The convex and concave parts of the cylindrical cam shaft 1 shown in FIG. 1 may be provided not only by directly formation on the surface thereof but also by fitting a cam ring having an outer periphery appropriately formed over the cam shaft 1. In the latter case, it is easier to implement a change in the number of the ports or a change in the combinations of the ports. For example, in FIG. 1, when the housing 28 is divided into blocks around the respective cylindrical holes in which the respective spool valves 2-8 are housed and these blocks are stacked in the axial direction of the cam shaft 1 (not shown in FIG. 1), the above change can easily be accomplished. In this arrangement, the integrated valve 60 is characterized by the stacking of as many blocks as are required by the number of ports, where a block consists of an oil pressure valve and a housing thereof. As shown in FIGS. 1, 6A and 6B, when the spool valves 2-8 are arranged at both sides of the cam shaft 1, the integrated valve 60 is compact and almost flat, and can easily be installed within the oil pan due to large amounts of vertical clearance.

Generally, the gearshift 500 has six gear positions: P (parking), R (reverse), N (neutral), D (drive), 2 (second gear) and L (low gear). Since speed change is not made in the P range and N range positions, the transmission 300 is designed so that even if an automatic speed change is made, the torque is not transmitted to the rest of the drive train.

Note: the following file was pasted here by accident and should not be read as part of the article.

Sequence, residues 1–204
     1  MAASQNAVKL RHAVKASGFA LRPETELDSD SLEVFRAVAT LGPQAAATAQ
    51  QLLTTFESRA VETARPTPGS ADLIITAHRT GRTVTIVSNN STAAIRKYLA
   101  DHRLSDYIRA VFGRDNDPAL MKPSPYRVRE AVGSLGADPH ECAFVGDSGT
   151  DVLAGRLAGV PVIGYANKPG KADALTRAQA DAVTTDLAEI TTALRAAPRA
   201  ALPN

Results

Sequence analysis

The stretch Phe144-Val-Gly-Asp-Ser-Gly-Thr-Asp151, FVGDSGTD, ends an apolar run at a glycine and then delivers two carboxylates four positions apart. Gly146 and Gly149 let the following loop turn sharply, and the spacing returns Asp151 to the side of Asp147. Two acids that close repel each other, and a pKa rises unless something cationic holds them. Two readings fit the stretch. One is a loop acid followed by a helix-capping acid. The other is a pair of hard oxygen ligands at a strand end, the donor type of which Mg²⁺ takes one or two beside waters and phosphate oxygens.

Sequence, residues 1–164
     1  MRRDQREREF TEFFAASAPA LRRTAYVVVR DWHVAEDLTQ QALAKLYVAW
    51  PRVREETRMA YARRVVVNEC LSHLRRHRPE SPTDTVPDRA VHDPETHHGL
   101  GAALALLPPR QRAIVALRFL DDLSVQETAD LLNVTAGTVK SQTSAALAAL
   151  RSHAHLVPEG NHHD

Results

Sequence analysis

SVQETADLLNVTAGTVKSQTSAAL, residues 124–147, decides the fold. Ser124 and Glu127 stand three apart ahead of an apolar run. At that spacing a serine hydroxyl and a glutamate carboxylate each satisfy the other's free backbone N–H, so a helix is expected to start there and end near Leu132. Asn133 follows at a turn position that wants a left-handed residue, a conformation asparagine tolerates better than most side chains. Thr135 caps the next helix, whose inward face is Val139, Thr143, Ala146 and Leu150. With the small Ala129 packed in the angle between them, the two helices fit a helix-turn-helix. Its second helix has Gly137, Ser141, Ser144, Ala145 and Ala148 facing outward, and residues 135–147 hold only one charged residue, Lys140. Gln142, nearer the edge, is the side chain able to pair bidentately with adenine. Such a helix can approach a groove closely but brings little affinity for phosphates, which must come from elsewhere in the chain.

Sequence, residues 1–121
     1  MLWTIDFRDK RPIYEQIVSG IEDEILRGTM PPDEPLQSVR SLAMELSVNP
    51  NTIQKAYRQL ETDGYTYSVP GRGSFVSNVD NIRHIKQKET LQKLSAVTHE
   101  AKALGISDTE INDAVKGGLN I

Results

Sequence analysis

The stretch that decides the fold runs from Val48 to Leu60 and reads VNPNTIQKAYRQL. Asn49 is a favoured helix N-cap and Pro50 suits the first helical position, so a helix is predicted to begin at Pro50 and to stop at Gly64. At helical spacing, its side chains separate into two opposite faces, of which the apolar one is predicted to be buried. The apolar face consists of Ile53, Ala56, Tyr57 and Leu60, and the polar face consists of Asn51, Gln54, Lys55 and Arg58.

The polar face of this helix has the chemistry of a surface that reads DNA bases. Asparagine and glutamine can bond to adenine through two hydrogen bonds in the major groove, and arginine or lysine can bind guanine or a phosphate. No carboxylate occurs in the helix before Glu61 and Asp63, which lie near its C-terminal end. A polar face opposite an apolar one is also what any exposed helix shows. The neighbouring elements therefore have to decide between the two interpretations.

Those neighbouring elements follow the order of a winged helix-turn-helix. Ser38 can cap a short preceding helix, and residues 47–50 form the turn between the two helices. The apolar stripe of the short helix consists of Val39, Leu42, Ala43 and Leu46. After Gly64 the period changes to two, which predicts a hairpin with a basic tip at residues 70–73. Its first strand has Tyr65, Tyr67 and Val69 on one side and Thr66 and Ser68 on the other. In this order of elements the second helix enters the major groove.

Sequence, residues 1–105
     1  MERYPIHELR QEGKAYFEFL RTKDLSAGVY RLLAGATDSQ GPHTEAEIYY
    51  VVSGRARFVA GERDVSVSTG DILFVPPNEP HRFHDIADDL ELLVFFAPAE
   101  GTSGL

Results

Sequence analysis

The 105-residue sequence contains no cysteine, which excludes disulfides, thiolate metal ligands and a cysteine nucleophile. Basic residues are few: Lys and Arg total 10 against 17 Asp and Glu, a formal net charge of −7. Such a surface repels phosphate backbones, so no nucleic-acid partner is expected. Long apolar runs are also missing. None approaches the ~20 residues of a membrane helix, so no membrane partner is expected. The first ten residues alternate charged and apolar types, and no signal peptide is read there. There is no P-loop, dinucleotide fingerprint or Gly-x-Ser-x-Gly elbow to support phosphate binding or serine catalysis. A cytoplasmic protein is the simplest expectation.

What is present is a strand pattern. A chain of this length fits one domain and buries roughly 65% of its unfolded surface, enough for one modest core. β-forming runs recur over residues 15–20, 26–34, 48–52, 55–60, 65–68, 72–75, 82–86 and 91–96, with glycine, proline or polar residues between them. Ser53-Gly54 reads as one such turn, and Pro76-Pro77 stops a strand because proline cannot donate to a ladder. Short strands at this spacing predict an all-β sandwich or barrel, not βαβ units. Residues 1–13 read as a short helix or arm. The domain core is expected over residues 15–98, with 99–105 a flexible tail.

Next, speed change in the D range position will be described. The principles of this description are also applicable to the other driving ranges.

In the manual D range position, the respective spool valves 2-8 are set to their respective oil pressure connecting modes through the corresponding pins 14-20 shifted by the convex and concave parts of the cam shaft 1, where oil pressure modes are determined by the connecting ports in the D range line in the table given in FIG. 4. When a first speed position speed change command is provided to the cylindrical cam shaft 1 of all the four gear modes of the vehicle speed by the ECU for AT 70, then as shown in FIGS. 4 and 5, the multiple disc clutch CO receives the line pressure from the line pressure port 35 (Ps in FIG. 4) through the line pressure connecting passage 46, the groove of the spool valve 3, and the connecting port 40, and becomes operational. In the same way, the multiple disc clutch C1 receives the control pressure from the pressure control port 36 (Pc1 in FIG. 4) through the control pressure connecting passage 47, the grooves of the spool valves 5, and the connecting port 42, and the control oil pressure is adjusted by the engaging oil pressure control valves 61 and 62 according to the vehicle speed. The multiple disc clutch C2 and the multiple disc brake B0 are connected to the drain pressure connecting passage 48 (Dr in FIG. 4), and the multiple disc brakes B1 -B3 are connected to the drain pressure connecting passage 49. It should be noted that the codes in FIG. 4 denote the types of supply ports connected to the corresponding spool valves 2-8. In FIG. 4, though Pc1 and Pc2 have different codes due to the use of two different engaging oil pressure control valves 61 and 62, the same applicable pressure valve range (i.e., the range from the line pressure as the maximum to the lower pressure level). Furthermore, the spool 2, for example, in FIG. 4 means the spool valve 2.